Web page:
UK and Japan Join Hands to Build the Sixth Generation Fighter Jet Engine
Governments of Japan and the United Kingdom have joined hands to collaborate and develop the jet engine of the sixth-generation fighter aircraft and have signed a memorandum of cooperation to this effect, said a press release from the U.K. government.
The two countries have been exploring opportunities for collaboration for some time and are vested in the development of future combat air systems, the press release said. Earlier this year, U.K.'s newest aircraft carrier, HMS Queen Elizabeth set out on her maiden voyage which included a trip to Japan. The U.K. intends to deepen industrial relationships in the defense sector in the Indo-Pacific region where the two countries are looking to counter China's growing influence.
Both, the U.K. and Japan currently have their sixth-generation fighter aircraft programs underway, Defense News reported. Japan's proposed aircraft, designated F-X, will begin replacing the formidable F-2's in the Japanese Air Force in the mid-2030s. Earlier this year, we reported that a consortium of companies had joined forces to deliver the U.K's six-generation aircraft and associated systems.
The signing of the agreement will allow the two countries to jointly develop the engine for these aircraft. Though signed by governments, the work will be left by the industries of the two nations, such as Rolls Royce and BAE Systems in the U.K. and Mitsubishi Heavy Industries (MHI) and IHI in Japan. The F-2 aircraft are built by Mitsubishi while up to 70 percent of aircraft engines used in Japan are sourced from IHI, Defense News reported.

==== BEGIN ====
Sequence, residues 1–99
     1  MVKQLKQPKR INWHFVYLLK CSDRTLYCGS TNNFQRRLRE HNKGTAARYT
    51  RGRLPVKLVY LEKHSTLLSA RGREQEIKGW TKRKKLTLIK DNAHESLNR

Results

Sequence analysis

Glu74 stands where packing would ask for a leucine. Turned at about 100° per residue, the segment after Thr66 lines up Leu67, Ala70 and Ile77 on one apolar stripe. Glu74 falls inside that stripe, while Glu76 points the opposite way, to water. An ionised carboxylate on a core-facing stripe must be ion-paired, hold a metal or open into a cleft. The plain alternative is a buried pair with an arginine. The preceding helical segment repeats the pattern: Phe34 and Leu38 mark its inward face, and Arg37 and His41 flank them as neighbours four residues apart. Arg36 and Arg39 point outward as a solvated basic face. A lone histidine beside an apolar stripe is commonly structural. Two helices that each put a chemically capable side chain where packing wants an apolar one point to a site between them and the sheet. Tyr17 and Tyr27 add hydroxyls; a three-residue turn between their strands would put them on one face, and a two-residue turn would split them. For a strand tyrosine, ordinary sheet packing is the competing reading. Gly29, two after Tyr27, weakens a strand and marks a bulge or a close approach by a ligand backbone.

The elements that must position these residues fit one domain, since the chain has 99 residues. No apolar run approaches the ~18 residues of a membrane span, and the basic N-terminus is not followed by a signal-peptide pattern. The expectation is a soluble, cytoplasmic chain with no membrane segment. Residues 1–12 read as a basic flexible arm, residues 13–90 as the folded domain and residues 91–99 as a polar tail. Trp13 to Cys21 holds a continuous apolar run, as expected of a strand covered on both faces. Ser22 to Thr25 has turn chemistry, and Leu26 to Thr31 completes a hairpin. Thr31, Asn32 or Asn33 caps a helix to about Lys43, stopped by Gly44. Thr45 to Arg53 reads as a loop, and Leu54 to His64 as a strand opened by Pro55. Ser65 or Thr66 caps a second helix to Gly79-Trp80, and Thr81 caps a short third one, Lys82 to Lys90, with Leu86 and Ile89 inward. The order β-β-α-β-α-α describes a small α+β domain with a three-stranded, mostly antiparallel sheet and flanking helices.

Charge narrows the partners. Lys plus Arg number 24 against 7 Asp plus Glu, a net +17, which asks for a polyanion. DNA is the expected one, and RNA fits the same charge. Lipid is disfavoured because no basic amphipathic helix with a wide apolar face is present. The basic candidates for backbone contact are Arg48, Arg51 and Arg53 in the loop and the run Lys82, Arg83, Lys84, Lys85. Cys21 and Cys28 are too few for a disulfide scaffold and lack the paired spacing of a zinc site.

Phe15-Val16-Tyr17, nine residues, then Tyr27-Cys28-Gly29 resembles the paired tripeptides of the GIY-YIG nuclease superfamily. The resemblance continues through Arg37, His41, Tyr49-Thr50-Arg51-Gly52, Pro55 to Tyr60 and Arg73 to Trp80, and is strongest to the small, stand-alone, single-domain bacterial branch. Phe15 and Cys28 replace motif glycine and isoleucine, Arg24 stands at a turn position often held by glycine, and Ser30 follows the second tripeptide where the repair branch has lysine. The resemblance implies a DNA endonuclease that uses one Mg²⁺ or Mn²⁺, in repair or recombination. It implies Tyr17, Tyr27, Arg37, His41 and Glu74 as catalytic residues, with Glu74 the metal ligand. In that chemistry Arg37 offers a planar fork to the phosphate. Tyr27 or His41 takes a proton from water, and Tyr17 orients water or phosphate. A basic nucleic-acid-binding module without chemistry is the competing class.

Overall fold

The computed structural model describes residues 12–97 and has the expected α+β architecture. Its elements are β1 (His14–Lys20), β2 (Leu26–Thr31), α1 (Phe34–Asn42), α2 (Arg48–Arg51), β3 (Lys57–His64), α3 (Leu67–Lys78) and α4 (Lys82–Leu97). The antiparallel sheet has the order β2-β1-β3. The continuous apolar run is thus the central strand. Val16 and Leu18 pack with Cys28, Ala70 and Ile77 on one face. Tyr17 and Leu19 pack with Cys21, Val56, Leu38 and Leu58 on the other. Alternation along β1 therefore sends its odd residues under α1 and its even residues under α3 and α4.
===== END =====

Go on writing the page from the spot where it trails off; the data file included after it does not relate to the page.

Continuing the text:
"Designing a brand-new combat air system with a fighter aircraft at its heart is a highly ambitious project so working with like-minded nations is vital," said Ben Wallace, Defense Secretary for the U.K. "Building on the technological and industrial strengths of our two countries, we will be exploring a wide-ranging partnership across next-generation combat air technologies." According to the press release, the U.K.'s Ministry of Defense will also aid Japan in the delivery of their Joint New Air-to-Air Missile (JNAAM) program.
The U.K. plans to invest 40.24 million dollars (30 million pounds) in planning, digital designs and innovations in manufacturing in the initial stages of the project, followed by another 268.26 million dollars (200 million pounds) for building the demonstrator. Over the next four years, it plans to invest over 2.68 billion dollars (2 billion pounds) in developing the world leading Future Combat Air System (FCAS), the press release said.
IE attends New Scientist Live and speaks with the UK Atomic Energy Authority, to learn more about the ambitious STEP program.